"The first-past-the-post system is not serving the people of B.C." -- BC NDP leader John Horgan, July 2013
The Alberta New Democratic Party did a very smart thing in drawing up its 2015 provincial election platform -- it dropped a promise to impose a proportional representation electoral system.
On Sunday, Alberta's new NDP premier Rachel Notley was sworn in with her majority government and a mandate to change the province for the better after 44 years of increasingly decrepit Progressive Conservative rule.
But if proportional representation had been Alberta's electoral system, the province would almost certainly have seen another Conservative government under Premier Jim Prentice -- with Wildrose Party leader Brian Jean becoming a senior cabinet minister and his party supporting a new rightwing coalition government.
And Notley would be out in the cold as official opposition leader, not premier.
So you have to wonder exactly why BC's New Democrats are promising to introduce proportional representation after the 2017 provincial election when odds are it will likely throw them back out of government.
What Notley knows
Our first-past-the-post electoral system is simple: the candidate with the most votes in each local riding wins. Whichever party wins a majority of the province's seats forms the government; the next biggest party is the official opposition.
And FPTP has served Canada well -- as it has the United Kingdom, United States, India and other countries representing almost half of the world's democratic voters.
That's why voters in B.C., Ontario and Prince Edward Island have all rejected changing electoral systems and kept FPTP in democratic referenda in the past few years.
Under proportional representation Alberta's Notley would likely not be premier, because the number of seats each party gets is not based simply on who wins each of Alberta's 87 ridings but on what percentage of votes the parties get across the whole province.
The NDP's 40.5 per cent vote would have meant only 35 seats instead of the 54 it won; the Conservatives' 28 per cent would get 24 seats instead of the 10 they won; and Wildrose's 24 per cent would hold the same 21 seats but go from opposition to junior government partner, while the Liberals and other parties would share six seats.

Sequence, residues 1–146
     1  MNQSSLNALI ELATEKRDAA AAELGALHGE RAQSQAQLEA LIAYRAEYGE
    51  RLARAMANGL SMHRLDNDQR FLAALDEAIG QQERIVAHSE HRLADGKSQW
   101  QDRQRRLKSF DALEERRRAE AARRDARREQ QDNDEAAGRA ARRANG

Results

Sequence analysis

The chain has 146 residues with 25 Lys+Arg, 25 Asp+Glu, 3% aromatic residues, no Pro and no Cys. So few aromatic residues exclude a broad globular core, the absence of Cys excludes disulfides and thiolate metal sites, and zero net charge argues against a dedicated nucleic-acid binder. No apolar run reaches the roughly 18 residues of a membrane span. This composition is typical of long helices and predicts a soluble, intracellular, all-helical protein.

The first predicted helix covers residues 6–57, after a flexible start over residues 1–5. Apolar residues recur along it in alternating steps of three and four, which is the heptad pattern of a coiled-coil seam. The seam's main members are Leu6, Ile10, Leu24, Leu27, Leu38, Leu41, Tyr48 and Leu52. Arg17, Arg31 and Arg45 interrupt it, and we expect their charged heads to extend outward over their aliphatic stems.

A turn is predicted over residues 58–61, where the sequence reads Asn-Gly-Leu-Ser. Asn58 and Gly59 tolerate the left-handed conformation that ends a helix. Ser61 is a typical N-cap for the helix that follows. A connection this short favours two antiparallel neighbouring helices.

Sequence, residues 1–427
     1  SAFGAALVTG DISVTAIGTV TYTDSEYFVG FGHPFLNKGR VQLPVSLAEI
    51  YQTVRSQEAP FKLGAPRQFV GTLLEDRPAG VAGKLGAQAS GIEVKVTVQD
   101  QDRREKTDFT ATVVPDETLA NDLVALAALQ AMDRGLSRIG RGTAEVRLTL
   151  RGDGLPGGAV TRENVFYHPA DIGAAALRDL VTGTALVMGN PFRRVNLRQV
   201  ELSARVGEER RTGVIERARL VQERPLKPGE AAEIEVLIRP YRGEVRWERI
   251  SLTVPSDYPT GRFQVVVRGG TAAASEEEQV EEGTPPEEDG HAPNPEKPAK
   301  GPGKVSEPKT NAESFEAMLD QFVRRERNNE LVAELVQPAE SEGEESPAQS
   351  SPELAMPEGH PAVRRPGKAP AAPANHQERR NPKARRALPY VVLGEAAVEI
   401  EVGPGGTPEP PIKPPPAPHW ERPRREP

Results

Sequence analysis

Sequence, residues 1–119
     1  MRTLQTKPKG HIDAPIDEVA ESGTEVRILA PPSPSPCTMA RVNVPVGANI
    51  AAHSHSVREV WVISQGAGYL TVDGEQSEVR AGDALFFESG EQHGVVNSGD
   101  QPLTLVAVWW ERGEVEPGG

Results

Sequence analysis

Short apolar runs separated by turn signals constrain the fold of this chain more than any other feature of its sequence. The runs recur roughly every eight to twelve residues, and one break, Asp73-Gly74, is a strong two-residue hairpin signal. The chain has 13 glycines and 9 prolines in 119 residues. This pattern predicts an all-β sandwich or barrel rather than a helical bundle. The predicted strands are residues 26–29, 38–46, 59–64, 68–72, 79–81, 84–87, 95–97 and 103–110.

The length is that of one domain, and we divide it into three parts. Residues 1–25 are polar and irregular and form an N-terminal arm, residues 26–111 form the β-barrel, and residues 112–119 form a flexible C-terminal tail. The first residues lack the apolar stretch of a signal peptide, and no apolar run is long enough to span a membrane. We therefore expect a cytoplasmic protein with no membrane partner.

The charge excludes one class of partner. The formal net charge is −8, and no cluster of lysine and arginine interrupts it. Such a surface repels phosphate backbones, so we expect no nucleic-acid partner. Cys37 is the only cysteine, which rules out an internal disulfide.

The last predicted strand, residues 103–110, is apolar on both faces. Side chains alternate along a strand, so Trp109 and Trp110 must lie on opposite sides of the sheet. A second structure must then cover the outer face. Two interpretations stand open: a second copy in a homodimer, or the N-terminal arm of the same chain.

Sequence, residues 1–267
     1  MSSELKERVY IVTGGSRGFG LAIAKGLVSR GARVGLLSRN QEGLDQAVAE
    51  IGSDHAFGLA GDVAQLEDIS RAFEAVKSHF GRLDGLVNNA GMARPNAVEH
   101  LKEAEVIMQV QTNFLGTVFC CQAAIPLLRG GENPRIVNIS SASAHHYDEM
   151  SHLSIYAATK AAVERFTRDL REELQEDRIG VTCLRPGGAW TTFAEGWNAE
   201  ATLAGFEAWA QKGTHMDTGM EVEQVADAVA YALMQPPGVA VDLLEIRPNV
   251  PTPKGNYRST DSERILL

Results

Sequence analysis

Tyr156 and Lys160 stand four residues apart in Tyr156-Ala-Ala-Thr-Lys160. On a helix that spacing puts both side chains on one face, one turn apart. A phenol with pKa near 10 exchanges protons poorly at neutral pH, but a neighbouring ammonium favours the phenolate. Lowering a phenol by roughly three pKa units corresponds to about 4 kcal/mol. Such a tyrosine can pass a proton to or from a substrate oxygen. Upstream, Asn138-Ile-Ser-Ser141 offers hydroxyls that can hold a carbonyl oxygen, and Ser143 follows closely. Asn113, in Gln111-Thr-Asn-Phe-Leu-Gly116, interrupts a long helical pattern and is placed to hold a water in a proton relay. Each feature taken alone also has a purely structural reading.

For progressive voters who want change, the current first-past-the-post system delivered it effectively in Alberta. And for right-wing voters who won't like the NDP government, the 2019 election could equally reverse those results.
The BC NDP has won power three times with about 40 per cent of the popular vote but a majority of seats -- in 1972, 1991 and 1996 -- and ironically lost several times with a higher percentage vote.
In fact, under proportional representation, only a few B.C. governments would have won an outright majority -- most recently under Gordon Campbell in 2001.
So if a future BC NDP government introduces proportional representation, it could mark the last time the party holds a majority in the B.C. Legislature and can introduce the progressive changes many NDP voters want and expect.
Those who adamantly support proportional representation either don't care or argue that some kind of alliance could be cobbled together with NDP, Green and new parties agreeing to an environmental-labour-progressive agenda.
But the BC Green Party is not left or progressive on all issues and other new parties may be far right or far left.
Certainly the scary history of the results from proportional representation in Europe should be of concern and a warning.
In 2014's European Parliament elections, the far right, anti-immigrant Front National led by Marie Le Pen won 25 per cent of the vote in France and 24 seats, up from just three in 2009.
And two "more or less openly neo-Nazi parties -- the National Democratic Party of Germany (NPD) and the Greek Golden Dawn (XA) -- for the first time entered the European Parliament" the Washington Post reported.
None of this is to say it would happen in B.C.; but proportional representation systems certainly allow fringe parties a great chance to elect candidates and the odds they will have a disproportionate say in government. That's because proportional representation almost guarantees minority governments dependent on multiple parties for support.
So a fringe party can make outlandish demands and often get their way because they hold the balance of power and sell it to the highest bidder.
By comparison FPTP generally encourages parties to moderate their views to attract middle of the road voters while maintaining significant differences on some key issues. And it mostly delivers majority, stable governments that can focus on implementing their policies instead of making backroom deals with other parties on every issue.
Of course, any criticism of proportional representation and its many defects bring predictable howls of protest from its ardent advocates, like Fair Vote Canada, which is already denouncing the Alberta results.
But for progressives, the marvelous Alberta NDP victory should give pause to BC's NDP before it makes an ironclad commitment to implement proportional representation here.